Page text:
First, let’s define what we mean by functional credit. The short version is the old phrase ‘Cash is King’. It’s a phrase we’ve all heard and sometimes used to refer to the importance of cash flow in the overall fiscal health of a business, so functional credit is the ability to source that cash as and when needed from an appropriate facility (corporate card, overdraft, loan, etc). The importance of sufficient cash as an asset in a business for short term operations, purchases and acquisitions can be under-appreciated by businesses of any size. It certainly happens more often in the early stages of a business as I’m sure most, if not all, of the readers of this blog would have at some point heard the stats from the old 2005 UTS study.
“One in three new small businesses in Australia fail in their first year of operation, two out of four by the end of the second year, and three out of four by the fifth year.”
But a business of any size can lose sight of its cash flow, Virgin Australia is a fairly prominent example. You’d be forgiven if you thought it was purely the COVID-19 pandemic’s impact on the travel sector that was to blame, but the truth is it was probably just the final push before the company had to take some fairly dramatic steps. Virgin Australia had posted losses for 7 consecutive years prior to the travel restrictions and had nearly twice the amount in current liabilities as it had cash at the end of the 2019 financial year. That’s why when they couldn’t secure a loan (the functional credit) during the pandemic they were left with no other option than to go into administration.
So having access to cash and functional credit is vital for any business, even more so for young and small to medium businesses. I mean, we can just quickly list the top 3 benefits we see and assess if they’re worth having access to:
If you’re a small or medium sized business, all of those benefits can make the difference in enabling better decision making and your business thriving into the future. Stuart Brandman of 542 Partners explains further, “It's really the impacts on cash flow that are most relevant. Typically, a business may need to incur costs, to derive revenue. Take a salesperson for example, they might need to fly to a location to meet a customer, take a rental car or Uber, stay in a hotel, to then generate a sale. That sale might occur on 30 day terms, and the business is paid some 45 days after the whole process begins and costs incurred. Credit cards are usually on a 55 day term (up to). This fits extremely well with the revenue cycles of many businesses and can seriously help to align cashflow more attractively. This is especially the case with start up businesses, or businesses with longer lead times to revenue.”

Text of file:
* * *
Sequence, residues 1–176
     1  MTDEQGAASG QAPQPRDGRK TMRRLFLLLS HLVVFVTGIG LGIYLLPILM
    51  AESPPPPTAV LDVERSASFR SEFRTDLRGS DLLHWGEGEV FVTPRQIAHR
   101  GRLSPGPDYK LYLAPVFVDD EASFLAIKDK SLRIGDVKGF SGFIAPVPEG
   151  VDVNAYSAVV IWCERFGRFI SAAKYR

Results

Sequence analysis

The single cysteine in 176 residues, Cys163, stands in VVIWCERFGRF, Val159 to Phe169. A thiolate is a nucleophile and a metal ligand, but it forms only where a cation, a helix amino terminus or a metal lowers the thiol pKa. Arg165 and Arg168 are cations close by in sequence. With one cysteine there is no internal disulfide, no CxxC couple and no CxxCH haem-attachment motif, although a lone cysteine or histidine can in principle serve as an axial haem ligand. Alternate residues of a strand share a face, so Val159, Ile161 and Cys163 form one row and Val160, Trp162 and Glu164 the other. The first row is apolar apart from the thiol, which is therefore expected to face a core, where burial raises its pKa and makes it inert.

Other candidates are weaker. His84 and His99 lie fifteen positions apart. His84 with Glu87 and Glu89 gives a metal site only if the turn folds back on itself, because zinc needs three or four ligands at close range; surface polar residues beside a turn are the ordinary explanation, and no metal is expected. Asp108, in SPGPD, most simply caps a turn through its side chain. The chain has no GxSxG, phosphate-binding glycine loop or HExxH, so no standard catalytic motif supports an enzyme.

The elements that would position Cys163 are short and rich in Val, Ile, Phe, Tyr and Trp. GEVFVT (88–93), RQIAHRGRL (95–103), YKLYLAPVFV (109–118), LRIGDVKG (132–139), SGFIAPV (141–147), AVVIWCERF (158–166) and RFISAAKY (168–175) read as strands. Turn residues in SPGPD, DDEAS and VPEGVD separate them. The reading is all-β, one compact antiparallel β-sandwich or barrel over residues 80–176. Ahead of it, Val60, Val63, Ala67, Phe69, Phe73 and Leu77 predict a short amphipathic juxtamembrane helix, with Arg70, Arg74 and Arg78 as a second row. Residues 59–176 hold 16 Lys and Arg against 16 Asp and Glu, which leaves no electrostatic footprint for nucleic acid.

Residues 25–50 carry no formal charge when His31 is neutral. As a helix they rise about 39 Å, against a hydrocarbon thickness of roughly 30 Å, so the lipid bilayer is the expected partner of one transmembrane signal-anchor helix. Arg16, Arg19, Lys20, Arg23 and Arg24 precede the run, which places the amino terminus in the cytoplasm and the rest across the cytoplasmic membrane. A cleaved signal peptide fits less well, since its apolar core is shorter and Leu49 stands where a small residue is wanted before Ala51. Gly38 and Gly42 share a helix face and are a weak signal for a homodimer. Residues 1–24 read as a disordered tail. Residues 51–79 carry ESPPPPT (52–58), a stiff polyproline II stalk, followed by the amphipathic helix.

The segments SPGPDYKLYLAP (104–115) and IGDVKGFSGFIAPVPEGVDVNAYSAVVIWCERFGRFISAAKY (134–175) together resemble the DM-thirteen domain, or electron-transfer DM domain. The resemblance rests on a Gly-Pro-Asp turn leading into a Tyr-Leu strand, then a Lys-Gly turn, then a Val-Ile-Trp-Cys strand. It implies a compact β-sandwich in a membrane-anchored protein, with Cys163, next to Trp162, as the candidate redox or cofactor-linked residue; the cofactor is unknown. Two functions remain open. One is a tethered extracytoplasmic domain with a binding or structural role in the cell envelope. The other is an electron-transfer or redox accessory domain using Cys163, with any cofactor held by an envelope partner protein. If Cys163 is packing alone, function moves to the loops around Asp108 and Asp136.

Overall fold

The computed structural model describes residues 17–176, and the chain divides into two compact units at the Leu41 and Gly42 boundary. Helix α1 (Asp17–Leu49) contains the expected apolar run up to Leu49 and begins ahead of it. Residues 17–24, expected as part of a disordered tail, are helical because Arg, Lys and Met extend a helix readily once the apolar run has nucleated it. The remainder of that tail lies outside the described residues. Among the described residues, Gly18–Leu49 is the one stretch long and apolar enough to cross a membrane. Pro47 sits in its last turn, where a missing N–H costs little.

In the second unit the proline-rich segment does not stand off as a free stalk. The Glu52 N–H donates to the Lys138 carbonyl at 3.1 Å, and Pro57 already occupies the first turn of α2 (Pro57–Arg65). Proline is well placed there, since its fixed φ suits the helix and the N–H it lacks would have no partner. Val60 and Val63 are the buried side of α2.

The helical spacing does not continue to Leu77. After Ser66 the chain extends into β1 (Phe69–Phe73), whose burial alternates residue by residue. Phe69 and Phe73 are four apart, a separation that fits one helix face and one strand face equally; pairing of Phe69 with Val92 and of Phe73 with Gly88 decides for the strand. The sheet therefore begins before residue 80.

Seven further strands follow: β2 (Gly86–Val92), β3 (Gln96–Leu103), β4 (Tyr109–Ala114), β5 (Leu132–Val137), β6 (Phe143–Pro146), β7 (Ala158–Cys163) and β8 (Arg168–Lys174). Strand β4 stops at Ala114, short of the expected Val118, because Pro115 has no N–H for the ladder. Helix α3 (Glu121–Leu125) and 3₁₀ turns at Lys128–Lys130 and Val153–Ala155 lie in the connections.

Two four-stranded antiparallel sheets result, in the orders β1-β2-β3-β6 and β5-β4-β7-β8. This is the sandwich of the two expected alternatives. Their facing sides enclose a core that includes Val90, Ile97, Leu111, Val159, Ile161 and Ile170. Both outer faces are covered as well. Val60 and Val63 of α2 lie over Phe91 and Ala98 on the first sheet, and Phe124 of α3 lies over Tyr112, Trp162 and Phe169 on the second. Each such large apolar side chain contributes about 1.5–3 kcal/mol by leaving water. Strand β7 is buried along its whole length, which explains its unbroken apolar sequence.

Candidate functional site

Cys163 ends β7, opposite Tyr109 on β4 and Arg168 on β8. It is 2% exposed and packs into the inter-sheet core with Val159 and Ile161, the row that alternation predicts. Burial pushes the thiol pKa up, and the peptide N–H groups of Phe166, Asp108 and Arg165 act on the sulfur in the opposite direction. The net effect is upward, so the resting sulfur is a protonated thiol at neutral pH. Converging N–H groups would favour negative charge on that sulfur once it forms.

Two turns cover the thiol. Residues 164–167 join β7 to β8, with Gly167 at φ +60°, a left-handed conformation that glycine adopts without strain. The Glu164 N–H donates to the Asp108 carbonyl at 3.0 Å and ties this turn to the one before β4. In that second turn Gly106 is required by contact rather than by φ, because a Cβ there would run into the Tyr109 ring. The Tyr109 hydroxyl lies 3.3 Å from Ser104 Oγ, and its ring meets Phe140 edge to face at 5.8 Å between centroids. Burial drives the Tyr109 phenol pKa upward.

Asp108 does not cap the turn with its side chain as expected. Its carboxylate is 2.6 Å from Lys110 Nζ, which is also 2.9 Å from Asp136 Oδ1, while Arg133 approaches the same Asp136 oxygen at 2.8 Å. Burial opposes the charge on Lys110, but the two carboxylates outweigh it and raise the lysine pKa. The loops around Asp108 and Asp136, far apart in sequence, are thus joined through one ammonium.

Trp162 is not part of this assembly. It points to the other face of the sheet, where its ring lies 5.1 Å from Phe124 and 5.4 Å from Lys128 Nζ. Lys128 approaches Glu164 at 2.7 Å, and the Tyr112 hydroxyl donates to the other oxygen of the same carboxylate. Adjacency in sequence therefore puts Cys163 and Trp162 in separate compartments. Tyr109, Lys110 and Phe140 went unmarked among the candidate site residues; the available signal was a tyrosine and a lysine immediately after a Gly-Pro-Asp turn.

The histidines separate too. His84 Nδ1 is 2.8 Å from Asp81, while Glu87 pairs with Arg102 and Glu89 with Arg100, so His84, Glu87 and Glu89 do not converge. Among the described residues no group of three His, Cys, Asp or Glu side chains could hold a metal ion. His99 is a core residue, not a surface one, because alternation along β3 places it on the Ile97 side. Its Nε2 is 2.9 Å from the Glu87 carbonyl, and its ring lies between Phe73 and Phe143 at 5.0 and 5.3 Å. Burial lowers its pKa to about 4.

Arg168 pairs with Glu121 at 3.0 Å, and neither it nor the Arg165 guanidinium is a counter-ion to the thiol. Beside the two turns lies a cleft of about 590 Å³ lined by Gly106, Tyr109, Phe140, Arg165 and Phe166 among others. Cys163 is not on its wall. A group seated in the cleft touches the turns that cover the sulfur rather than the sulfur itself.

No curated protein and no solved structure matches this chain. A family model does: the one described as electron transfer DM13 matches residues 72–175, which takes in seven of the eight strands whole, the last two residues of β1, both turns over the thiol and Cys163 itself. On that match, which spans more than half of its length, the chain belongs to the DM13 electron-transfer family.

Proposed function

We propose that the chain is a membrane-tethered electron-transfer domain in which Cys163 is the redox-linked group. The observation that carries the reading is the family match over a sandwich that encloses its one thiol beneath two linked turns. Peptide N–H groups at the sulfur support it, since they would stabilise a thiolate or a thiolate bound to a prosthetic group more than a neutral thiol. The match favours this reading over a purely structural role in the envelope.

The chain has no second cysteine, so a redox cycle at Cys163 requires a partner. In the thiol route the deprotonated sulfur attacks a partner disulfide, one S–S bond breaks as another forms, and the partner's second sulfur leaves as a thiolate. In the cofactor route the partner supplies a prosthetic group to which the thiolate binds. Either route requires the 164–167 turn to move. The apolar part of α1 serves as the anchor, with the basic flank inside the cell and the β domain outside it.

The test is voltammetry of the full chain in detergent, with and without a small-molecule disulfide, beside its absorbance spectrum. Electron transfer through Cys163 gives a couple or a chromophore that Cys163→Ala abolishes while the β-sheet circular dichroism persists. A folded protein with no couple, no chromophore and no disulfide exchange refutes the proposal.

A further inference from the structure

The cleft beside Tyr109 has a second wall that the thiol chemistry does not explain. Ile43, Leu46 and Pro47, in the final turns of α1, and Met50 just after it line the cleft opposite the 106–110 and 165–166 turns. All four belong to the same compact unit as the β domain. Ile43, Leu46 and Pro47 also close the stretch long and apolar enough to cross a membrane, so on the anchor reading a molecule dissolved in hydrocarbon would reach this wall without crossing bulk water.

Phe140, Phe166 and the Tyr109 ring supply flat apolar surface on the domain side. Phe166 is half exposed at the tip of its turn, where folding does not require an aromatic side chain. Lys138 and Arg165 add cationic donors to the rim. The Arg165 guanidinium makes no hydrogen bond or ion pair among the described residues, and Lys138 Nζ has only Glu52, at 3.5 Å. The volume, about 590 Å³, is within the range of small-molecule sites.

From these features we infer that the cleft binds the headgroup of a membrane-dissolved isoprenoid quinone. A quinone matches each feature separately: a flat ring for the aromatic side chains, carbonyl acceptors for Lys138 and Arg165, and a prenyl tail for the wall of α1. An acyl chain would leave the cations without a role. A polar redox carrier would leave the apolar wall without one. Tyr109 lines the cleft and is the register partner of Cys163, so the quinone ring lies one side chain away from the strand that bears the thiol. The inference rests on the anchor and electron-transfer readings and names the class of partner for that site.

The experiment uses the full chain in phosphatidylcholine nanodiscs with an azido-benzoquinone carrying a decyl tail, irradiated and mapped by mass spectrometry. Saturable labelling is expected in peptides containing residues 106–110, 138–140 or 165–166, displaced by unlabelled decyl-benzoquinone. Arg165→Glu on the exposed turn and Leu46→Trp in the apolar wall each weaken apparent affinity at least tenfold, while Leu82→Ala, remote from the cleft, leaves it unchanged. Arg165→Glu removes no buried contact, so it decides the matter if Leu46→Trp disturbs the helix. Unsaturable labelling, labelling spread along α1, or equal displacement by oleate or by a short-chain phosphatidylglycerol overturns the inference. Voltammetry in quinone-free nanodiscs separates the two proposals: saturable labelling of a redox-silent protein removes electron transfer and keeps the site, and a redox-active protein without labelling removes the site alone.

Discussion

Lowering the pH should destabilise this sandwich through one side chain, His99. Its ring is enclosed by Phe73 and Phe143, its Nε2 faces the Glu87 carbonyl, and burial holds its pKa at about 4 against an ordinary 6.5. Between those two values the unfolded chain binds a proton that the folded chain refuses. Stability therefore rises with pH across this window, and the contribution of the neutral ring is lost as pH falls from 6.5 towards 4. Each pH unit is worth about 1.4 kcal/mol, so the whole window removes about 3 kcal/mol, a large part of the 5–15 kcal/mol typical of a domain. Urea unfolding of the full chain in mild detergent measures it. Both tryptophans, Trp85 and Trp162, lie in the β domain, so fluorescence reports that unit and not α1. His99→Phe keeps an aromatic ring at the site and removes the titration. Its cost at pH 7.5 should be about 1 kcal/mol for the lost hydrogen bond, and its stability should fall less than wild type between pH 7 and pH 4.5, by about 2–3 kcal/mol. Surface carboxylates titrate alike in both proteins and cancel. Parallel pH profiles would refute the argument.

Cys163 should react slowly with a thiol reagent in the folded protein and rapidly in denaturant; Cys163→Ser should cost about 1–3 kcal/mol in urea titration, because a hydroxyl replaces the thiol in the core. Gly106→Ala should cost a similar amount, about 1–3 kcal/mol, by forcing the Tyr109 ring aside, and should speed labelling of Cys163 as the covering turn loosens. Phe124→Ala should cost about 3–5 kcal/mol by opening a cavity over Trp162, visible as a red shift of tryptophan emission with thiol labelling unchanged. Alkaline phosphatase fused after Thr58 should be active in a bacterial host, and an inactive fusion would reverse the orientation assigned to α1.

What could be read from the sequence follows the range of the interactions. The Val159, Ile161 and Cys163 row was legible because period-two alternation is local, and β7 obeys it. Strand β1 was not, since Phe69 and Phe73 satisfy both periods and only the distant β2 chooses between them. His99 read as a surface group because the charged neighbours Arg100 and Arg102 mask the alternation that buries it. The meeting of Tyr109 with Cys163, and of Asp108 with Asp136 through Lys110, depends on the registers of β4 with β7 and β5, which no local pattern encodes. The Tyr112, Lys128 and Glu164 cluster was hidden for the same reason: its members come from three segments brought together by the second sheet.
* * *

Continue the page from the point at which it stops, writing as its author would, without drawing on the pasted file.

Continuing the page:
So this all begs the question, why is it so hard for businesses to access functional credit and have sufficient cash on hand?
Let’s have a look at the application process for something like a Westpac Business Credit Card or really any of the standard card providers. In order to successfully apply you’ll generally need to:
And this is before addressing any additional requirements they may request based on the size of the credit limit being applied for or looking at the fees for the facility.
And there are more questions to consider, let’s take the final point about director liability for example. In Stuart’s experience, or at least historically, the only way to obtain a “credit card” for a small business (new or established) is to get a “personal liability” business credit card. That's a fancy way of saying “we’ll put your business name on the card so it looks cool” but essentially, it's a way of separating your business spending from your personal, but it remains your personal liability.
This can be ok in some situations, but in others it can be quite difficult:
In summary, it’s incredibly difficult for businesses to access even small amounts of credit. With limited access to that functional credit, a business that may have otherwise grown into a juggernaut could become one of the UTS statistics and fail before it’s ever taken off. So, what needs to change?
First things first, let’s just appreciate that banks aren’t likely to change their risk appetite, which is why the rules are the way they are. Fundamentally, I believe business founders and bankers are different people due to the seemingly substantial divide between their risk tolerance levels. But, if they could change just these few details, we’d likely see more businesses survive and thrive under the right guidance of an advisor.
These are some really simple fixes and they would go a long way to making access to functional credit easier for business owners and avoiding the sometimes costly work-arounds (staff reimbursements via payroll) we have become so conditioned to thinking is normal.
After all, simpler is smarter.
Director at 542 Partners
Customer Operations Manager at Cape